When you hear the words “motion sickness,” what scenario comes to mind?
Maybe for you, it’s riding in the backseat of a car and getting that nauseous feeling. Oh, and don’t forget the cold sweat blooming all over.
Or it’s sitting in a boat at anchor, the constant waves making it roll back and forth. The dizziness and nausea send you running for the head. Leaning over the rails might be easier, although you’ve got to watch out for that constant boat motion, as you can wind up in the water if you happen to lean at the wrong time.
For some people, it’s trains. If you’ve ridden on a train, you know they can move around almost as much as a boat. They sway, and jiggle, and rock side to side. It’s the swaying and rocking that invite nausea. As with any motion sickness, once the nausea starts, vomiting is always a possibility.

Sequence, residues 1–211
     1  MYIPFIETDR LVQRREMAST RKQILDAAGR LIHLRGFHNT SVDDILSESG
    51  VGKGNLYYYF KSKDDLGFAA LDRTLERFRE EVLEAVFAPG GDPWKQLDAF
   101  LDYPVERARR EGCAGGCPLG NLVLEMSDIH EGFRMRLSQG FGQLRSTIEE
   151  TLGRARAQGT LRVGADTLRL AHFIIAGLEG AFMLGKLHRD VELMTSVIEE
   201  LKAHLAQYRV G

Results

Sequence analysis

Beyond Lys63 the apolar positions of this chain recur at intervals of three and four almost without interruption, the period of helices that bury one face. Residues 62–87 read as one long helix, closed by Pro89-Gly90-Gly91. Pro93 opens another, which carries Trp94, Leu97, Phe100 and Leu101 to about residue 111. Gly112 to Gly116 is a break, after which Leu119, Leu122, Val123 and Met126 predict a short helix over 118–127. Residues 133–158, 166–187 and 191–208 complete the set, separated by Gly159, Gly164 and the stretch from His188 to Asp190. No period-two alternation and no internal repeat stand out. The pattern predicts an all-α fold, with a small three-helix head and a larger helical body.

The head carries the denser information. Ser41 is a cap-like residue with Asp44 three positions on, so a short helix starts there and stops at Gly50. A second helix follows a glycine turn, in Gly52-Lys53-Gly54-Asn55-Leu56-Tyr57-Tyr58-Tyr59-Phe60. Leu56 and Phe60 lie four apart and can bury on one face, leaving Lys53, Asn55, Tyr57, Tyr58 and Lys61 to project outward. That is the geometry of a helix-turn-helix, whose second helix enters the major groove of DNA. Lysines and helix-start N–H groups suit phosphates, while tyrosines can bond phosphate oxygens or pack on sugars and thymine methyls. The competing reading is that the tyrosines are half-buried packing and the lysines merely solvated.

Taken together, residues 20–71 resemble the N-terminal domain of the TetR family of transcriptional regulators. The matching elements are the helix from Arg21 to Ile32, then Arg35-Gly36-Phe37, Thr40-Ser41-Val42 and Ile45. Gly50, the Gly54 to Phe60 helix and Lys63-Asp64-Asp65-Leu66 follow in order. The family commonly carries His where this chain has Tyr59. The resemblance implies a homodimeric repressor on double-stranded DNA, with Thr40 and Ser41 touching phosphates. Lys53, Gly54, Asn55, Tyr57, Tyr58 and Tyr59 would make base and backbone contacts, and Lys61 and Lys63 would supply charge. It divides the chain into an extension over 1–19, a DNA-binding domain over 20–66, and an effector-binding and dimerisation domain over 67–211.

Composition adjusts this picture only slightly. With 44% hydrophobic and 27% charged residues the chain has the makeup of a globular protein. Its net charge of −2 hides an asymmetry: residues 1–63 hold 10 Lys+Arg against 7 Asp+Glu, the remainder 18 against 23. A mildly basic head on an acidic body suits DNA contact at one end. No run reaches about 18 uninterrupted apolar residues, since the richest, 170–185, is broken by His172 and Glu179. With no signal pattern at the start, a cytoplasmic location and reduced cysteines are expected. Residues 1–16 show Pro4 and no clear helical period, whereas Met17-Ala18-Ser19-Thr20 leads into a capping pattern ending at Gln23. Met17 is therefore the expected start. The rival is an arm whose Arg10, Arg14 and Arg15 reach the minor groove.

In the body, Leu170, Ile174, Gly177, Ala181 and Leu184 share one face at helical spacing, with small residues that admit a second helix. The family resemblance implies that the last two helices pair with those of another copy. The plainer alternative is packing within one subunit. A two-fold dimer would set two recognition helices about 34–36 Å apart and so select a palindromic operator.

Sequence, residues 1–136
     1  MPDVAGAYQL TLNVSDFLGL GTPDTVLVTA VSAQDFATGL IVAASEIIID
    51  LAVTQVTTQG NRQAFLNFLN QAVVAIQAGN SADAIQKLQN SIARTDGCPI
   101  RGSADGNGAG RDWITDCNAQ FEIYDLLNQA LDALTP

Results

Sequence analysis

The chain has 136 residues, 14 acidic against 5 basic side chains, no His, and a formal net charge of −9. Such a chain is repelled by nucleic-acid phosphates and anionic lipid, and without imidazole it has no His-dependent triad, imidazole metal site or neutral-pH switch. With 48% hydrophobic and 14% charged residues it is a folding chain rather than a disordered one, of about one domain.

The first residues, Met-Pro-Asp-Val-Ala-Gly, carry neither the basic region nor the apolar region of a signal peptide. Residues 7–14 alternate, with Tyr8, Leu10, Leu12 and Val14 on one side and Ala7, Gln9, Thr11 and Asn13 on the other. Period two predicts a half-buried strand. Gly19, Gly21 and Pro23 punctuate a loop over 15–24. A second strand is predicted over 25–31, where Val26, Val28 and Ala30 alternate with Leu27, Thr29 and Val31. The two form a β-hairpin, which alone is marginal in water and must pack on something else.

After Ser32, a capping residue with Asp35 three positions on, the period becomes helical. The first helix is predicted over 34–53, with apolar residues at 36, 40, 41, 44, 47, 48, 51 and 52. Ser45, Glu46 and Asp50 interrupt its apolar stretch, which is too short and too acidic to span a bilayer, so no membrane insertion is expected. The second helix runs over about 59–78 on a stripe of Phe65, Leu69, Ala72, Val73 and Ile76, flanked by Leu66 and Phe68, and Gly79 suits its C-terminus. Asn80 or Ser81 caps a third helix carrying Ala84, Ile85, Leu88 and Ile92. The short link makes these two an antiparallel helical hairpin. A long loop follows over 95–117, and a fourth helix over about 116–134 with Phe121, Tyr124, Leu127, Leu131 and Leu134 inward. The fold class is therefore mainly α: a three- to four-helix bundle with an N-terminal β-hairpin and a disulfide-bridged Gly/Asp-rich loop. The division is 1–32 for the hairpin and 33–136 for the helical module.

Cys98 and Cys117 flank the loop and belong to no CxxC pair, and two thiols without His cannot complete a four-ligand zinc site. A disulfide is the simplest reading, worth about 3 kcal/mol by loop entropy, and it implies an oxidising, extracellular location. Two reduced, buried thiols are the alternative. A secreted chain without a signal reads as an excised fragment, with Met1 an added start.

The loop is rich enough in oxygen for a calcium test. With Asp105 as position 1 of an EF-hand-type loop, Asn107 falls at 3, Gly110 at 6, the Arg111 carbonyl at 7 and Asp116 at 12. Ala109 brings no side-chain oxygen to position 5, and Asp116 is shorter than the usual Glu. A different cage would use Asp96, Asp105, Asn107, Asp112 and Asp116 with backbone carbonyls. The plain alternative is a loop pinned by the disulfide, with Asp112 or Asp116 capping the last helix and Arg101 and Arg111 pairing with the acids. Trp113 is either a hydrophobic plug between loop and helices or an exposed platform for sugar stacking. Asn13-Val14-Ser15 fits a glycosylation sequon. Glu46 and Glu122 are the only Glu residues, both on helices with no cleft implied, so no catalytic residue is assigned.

There are barf bags on passenger jets for a reason. They’re for the unfortunate fliers who don’t even need turbulence to feel nauseated once wheels are up.
When weather conditions are just right and visibility is limited, downhill skiers also can experience dizziness, nausea, and even vomiting.
Hopefully, if you do suffer from motion sickness, then you only do so in one of the above-mentioned scenarios. However, if you’re like many who suffer with motion sickness, then you’ve never met a form of transportation (even skis) that does not invite nausea.
But take heart, it’s not hopeless!
You know your triggers, and you can be prepared. Slip on a Reliefband—go live your life.